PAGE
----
Diane Bergeron is there.
It’s an imminent closure if things don’t change.
17 years ago, I opened a Point d’Exclamation store on the very busy Avenue Saint-Jean in Quebec City. Since all this time, she has been selling creations of artisans, mostly from Quebec. Clothes, bags, jewelry, dishes… the choice is wide.
She’s so full of hope that she’s coming out of the second shutdown in March and taking the helm of a refurbished store. To keep it running at full speed, it needs employees. And this is where you get stuck.
Within four months, she received only one application that she could not accept.
I need someone I can trust, of working age and a certain maturity. I leave the keys to this person who finds himself alone in the store. This means that it opens in the morning, runs the cash register, and closes in the evening.
Since she also works full time, Diane Bergeron has only been able to open her shop for two days since June 23. This is not without financial and moral consequences.
We mainly make our recipe in the summer. But there, things are not going well. Sometimes I cry, admit.
Less choice than last summer
The store owner is not the only one who is understaffed. A little further up rue Saint-Jean, Catherine Rouleau, owner of clothing store Roba et Murmure, makes the same note.
Hard to find staff this year. The students are not there. No CV coming, phone not ringing.
This situation frustrates her even more because the business is going well: the customers are there. Due to the insufficient number of employees, the working hours have been reduced.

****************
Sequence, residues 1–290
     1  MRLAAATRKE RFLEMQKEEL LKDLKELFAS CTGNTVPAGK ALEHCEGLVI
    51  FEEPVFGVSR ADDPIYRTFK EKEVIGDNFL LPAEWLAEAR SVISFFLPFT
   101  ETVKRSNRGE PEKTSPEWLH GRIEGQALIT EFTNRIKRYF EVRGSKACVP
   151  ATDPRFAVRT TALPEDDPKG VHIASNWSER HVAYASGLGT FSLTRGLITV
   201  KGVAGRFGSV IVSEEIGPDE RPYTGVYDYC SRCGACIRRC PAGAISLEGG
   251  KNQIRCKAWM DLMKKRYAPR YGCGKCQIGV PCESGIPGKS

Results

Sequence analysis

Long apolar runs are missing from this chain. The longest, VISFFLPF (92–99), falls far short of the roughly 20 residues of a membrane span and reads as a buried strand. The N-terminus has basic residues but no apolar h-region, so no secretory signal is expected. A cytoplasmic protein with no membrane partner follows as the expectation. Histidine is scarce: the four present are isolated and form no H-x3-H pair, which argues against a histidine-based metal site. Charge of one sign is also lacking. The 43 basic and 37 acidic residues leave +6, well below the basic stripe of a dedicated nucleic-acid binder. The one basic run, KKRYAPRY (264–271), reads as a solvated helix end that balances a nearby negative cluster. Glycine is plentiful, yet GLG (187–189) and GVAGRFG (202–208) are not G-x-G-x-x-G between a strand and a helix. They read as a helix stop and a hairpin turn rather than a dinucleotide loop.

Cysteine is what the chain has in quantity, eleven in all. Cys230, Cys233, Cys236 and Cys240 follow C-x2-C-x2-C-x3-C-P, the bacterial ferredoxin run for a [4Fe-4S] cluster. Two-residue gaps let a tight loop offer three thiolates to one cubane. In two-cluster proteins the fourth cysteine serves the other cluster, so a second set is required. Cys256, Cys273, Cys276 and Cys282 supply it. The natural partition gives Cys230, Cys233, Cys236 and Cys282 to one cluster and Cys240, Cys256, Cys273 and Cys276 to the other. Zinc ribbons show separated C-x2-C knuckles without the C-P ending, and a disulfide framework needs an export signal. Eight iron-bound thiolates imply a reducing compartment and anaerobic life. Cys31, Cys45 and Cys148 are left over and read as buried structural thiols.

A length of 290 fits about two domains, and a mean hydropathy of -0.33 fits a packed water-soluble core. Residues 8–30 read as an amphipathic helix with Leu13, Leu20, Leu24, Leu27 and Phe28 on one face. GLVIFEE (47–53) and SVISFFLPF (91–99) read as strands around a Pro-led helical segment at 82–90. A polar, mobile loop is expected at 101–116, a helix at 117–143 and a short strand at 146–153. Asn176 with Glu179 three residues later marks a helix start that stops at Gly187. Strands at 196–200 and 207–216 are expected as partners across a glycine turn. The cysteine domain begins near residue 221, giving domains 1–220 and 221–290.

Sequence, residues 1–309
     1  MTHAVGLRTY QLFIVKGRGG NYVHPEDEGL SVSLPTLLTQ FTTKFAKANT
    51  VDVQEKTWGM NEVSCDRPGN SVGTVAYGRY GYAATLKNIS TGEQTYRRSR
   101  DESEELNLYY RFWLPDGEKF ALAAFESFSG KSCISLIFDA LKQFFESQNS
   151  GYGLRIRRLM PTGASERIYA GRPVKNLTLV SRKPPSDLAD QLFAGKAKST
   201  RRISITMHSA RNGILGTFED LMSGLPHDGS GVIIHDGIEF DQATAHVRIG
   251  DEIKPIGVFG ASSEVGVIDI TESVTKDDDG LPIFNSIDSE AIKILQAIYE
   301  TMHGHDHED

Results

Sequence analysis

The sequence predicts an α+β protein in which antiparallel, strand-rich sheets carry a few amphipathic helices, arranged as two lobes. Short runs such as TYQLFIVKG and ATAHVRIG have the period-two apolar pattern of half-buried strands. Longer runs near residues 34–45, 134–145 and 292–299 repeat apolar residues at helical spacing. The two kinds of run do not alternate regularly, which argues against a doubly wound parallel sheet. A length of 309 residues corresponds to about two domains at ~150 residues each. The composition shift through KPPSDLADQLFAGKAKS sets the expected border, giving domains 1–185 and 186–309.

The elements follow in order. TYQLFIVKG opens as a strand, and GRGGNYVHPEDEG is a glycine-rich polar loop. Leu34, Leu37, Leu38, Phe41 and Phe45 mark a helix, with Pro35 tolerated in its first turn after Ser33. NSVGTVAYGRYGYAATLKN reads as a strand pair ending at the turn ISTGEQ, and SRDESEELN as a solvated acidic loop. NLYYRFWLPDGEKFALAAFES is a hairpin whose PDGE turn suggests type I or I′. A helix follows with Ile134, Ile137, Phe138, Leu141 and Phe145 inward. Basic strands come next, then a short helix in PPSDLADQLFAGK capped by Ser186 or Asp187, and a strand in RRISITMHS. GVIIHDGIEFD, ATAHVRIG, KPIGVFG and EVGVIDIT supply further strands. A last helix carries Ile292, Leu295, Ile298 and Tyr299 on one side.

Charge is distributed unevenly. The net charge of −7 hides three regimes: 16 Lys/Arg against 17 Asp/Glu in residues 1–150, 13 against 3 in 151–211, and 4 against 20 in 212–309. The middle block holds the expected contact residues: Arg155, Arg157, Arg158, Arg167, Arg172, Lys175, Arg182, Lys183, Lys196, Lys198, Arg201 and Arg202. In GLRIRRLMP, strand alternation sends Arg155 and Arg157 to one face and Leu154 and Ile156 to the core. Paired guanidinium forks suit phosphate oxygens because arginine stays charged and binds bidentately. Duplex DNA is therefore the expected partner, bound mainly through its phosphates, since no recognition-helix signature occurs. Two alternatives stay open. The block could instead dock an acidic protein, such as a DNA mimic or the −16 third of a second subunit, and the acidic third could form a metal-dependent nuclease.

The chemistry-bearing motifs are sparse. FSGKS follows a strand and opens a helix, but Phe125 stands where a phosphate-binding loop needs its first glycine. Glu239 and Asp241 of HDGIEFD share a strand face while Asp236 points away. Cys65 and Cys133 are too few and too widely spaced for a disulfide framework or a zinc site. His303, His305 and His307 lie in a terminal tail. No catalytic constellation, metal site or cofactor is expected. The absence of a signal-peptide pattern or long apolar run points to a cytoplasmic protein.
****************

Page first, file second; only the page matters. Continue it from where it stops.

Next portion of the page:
Stories like this come as no surprise to François Vincent, vice president for the Quebec region at the Canadian Federation of Independent Business.
A small shop owner sold her business, exhausted, after working nonstop from March to January. We have restaurants that don’t open every day, dentists who find it difficult to provide services.
This fact is true in all regions of Quebec.
Already in May, according to data from FCIIn Quebec, half of the heads of small and medium-sized businesses said the lack of staff was holding them back. The organization is in the process of conducting a survey of its members to assess where they are now.
How do you solve the problem? The FCIIt presents some possible solutions. Reducing the tax burden on employers by reducing taxes and facilitating tax breaks is one of them. Just like increasing immigration thresholds and distributing new arrivals by region.
Meanwhile, Diane Bergeron fears having to stop working at the end of August at the latest.
It would be so sad to end like this, trust.
With information from Colin Côté-Paulette